Cyrano de Bergerac: A Short History of A Long Nose, A Great Role, And Now, Expressive Hands

Walter Hampden as Cyrano (1923)

Cyrano de Bergerac is a play written in 1897 by Edmond Rostand. It was first produced December 28, 1897, at the Théâtre de la Porte Saint-Martin, Paris, with Constant Coquelin in the title rôle. The American premiere took place on October 3, 1898, in the Garden Theater, New York City, with Richard Mansfield as Cyrano.

In the play, Cyrano de Bergerac is a nobleman serving as a soldier in the French Army. He is a brash, strong-willed man, a gifted poet and brilliant swordsman. However, he also has an extremely large nose, which is the reason for his own self-doubt. This doubt prevents him from expressing his love for his distant cousin, the beautiful Roxanne. She loves the handsome Christian, a soldier in Cyrano’s company. Putting aside his own love, Cyrano offers his powers of poetic expression to Christian to assist in winning Roxanne.

Steve Martin in "Roxanne" (1987)

The original play contains five acts and is written entirely in verse, in rhyming couplets of 12 syllables per line. It is now considered an international classic romance and has been translated, adapted and performed world wide. In 1946 José Ferrer, won a Tony Award for playing Cyrano in a much-praised Broadway staging, and reprised the role in the 1950 film for which he won the Academy Award for Best Actor. It became Ferrer’s most famous role. Other notable English-speaking Cyranos have been Ralph Richardson, Derek Jacobi, Richard Chamberlain, and Christopher Plummer. Kevin Kline played the role in a recent Broadway production in 2007. Anthony Burgess wrote a popular new translation and adaptation in 1970, which had its world premiere at the Guthrie Theater in Minneapolis. The story of Cyrano has been retold in many stage adaptations, a Broadway musical, an opera and a ballet. Steve Martin starred in his 1987 contemporary film version, Roxanne, and Gerard Depardieu assumed the classic title role in the 1990 film.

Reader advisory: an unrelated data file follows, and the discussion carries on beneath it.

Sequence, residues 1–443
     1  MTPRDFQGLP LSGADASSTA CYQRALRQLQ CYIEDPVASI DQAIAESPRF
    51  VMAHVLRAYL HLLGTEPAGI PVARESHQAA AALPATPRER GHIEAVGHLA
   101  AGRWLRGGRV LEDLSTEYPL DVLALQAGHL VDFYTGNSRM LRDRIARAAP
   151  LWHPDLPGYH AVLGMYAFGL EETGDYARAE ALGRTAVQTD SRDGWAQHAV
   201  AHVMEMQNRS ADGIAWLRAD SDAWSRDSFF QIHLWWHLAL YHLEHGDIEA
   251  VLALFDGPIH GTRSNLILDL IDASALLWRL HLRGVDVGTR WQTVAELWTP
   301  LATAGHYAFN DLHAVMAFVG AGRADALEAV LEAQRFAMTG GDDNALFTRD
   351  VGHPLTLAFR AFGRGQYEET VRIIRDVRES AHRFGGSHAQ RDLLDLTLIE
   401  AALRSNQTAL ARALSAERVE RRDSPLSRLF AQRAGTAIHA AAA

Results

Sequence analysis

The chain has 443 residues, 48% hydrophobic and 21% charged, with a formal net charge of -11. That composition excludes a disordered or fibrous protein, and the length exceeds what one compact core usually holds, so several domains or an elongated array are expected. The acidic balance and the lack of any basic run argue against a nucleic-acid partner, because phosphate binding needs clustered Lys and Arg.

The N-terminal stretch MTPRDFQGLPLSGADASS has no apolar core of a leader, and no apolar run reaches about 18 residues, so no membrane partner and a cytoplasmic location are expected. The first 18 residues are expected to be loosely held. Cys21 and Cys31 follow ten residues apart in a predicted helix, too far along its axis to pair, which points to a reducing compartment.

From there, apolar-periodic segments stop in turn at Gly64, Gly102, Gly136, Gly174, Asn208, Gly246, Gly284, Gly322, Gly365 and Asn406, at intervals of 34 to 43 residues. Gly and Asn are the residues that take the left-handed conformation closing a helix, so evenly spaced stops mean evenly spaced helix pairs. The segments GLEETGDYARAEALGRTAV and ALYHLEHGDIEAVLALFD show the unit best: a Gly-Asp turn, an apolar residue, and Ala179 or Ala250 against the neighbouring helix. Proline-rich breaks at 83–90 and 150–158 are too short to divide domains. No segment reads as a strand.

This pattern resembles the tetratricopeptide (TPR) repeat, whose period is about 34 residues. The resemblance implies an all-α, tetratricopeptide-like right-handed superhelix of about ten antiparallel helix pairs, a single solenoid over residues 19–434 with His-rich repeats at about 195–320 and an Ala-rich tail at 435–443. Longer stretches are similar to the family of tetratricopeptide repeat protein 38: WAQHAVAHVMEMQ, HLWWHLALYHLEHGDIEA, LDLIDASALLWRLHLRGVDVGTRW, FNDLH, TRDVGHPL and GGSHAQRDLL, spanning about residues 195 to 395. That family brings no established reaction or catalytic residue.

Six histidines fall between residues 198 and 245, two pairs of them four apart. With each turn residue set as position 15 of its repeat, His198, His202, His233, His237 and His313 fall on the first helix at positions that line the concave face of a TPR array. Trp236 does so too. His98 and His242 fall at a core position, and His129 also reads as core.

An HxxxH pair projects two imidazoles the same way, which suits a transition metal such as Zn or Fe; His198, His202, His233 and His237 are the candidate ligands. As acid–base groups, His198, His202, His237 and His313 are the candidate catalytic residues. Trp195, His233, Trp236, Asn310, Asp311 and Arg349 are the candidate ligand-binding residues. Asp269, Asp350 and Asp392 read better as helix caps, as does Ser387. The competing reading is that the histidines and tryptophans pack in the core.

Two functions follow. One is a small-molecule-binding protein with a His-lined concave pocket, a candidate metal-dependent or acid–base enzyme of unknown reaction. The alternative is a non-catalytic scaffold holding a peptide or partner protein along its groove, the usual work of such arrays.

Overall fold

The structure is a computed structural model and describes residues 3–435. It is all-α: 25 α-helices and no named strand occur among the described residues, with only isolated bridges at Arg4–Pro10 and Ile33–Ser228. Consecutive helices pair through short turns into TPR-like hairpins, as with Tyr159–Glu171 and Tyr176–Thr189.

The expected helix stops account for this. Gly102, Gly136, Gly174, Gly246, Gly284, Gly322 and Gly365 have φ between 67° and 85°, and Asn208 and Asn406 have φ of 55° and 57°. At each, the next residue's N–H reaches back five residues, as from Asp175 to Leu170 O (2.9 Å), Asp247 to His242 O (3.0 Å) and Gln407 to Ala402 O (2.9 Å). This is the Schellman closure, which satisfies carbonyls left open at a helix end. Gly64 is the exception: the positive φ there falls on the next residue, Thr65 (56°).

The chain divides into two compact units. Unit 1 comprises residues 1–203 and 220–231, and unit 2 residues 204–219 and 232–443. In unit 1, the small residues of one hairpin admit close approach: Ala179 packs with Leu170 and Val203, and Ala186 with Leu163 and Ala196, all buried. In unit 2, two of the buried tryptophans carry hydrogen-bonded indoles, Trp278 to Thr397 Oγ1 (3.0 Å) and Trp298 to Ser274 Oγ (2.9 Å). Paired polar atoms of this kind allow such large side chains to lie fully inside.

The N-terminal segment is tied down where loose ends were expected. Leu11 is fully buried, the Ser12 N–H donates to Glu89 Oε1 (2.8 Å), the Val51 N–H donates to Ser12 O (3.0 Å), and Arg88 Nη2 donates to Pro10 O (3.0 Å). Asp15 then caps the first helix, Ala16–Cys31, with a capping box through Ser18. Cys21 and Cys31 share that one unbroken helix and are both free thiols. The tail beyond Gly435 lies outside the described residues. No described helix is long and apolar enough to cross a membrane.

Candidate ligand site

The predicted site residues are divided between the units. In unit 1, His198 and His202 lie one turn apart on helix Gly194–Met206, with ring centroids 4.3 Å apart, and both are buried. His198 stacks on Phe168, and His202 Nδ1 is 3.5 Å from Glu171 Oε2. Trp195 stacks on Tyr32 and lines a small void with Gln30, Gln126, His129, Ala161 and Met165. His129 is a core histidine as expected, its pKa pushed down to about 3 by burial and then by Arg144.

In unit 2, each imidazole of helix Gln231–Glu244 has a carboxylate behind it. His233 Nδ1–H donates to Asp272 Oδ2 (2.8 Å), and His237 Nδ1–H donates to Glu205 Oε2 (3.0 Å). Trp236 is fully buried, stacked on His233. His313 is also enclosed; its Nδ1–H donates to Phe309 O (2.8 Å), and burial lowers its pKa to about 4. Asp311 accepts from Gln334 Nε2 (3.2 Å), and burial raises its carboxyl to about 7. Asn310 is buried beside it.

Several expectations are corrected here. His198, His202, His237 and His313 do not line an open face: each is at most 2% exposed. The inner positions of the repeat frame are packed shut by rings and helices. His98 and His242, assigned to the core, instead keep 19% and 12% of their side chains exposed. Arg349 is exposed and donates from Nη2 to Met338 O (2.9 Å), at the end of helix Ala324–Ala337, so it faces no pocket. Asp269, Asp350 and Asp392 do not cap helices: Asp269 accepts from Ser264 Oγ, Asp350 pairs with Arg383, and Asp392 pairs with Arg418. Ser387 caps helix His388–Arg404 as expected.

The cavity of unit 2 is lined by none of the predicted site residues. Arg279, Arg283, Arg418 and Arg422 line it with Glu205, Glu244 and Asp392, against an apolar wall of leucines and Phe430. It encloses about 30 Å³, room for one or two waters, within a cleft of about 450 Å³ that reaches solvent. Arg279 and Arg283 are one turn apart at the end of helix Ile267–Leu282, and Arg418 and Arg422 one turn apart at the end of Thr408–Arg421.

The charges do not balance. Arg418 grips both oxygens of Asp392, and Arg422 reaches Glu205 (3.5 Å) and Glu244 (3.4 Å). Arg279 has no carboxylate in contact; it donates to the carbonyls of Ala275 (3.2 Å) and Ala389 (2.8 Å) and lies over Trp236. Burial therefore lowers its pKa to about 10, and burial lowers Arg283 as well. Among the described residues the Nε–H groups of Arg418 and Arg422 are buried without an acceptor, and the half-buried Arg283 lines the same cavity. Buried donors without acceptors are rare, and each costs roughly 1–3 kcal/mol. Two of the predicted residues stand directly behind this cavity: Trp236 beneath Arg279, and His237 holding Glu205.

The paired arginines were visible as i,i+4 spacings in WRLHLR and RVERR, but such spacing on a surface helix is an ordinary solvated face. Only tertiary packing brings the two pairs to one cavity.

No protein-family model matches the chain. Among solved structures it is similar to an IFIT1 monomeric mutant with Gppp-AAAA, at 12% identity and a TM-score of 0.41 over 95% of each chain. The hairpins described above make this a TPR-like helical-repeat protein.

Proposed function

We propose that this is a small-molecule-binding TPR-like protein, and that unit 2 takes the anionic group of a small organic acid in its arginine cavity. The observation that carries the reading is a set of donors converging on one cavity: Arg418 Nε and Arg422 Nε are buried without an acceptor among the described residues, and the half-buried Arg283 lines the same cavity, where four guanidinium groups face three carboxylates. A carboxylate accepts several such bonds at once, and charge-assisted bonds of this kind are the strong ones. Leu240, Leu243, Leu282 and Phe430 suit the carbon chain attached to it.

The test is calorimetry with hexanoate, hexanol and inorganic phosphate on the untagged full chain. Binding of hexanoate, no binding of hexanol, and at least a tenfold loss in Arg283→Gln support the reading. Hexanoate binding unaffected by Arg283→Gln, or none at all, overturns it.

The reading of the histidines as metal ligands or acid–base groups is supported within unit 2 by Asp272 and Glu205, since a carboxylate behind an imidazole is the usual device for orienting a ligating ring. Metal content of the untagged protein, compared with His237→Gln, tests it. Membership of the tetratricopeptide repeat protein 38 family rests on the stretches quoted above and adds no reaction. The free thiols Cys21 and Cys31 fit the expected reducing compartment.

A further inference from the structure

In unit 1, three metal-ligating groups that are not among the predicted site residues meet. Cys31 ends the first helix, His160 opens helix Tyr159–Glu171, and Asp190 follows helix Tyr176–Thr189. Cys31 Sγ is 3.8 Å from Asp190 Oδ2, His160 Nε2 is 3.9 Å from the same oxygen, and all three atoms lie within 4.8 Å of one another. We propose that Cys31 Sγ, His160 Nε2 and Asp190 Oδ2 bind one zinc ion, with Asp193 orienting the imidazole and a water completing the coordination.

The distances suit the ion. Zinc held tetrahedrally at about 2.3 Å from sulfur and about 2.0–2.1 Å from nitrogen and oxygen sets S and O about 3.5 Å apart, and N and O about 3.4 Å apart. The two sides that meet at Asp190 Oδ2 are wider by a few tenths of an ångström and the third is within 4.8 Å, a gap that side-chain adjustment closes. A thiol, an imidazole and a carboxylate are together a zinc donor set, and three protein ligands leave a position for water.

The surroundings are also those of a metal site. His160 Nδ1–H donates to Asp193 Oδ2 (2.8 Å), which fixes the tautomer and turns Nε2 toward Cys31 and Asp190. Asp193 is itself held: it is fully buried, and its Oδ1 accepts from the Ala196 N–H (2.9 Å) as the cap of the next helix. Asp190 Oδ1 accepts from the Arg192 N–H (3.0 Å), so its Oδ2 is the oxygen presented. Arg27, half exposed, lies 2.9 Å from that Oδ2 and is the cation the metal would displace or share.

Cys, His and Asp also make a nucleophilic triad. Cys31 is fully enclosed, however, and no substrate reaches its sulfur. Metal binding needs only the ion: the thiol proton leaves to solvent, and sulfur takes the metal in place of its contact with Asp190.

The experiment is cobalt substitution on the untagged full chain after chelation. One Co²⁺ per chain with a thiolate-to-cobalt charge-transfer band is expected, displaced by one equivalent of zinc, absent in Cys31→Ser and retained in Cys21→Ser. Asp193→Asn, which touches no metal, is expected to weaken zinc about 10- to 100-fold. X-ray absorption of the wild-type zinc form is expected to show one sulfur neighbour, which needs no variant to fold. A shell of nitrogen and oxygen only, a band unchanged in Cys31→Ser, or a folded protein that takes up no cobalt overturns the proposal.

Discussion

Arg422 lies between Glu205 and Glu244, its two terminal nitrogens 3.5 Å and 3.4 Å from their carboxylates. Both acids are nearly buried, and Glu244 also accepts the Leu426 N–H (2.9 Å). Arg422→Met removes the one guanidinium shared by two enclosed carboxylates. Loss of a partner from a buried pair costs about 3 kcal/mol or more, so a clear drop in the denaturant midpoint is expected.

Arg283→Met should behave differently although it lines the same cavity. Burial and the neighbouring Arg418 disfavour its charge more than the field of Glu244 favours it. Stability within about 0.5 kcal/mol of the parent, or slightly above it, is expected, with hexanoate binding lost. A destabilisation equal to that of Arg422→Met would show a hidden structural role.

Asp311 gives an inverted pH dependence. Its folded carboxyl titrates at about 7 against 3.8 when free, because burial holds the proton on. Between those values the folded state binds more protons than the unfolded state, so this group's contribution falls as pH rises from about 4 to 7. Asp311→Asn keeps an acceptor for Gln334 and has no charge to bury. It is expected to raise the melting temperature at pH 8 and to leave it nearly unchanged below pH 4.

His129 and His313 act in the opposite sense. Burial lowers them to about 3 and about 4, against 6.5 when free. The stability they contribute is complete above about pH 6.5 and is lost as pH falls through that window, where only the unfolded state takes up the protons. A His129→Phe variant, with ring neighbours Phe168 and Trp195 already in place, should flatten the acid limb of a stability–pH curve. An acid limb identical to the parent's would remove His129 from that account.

Troy Kotsur as the ASL poet in "Cyrano" at the Fountain

Our world premiere Fountain Theatre/Deaf West co-production of Cyrano is the first version of the classic tale re-imagined in spoken English and American Sign Language.  In our modern retelling, Cyrano is a brilliant deaf poet in love with a hearing woman who doesn’t know sign language. His barrier is not his nose but his hands.  Can he woo the woman he loves by having his hearing brother “speak his words”? Don’t miss this enchanting new spin on a classic love story and find out!

 Cyrano    April 28 – June 10

(323) 663-1525

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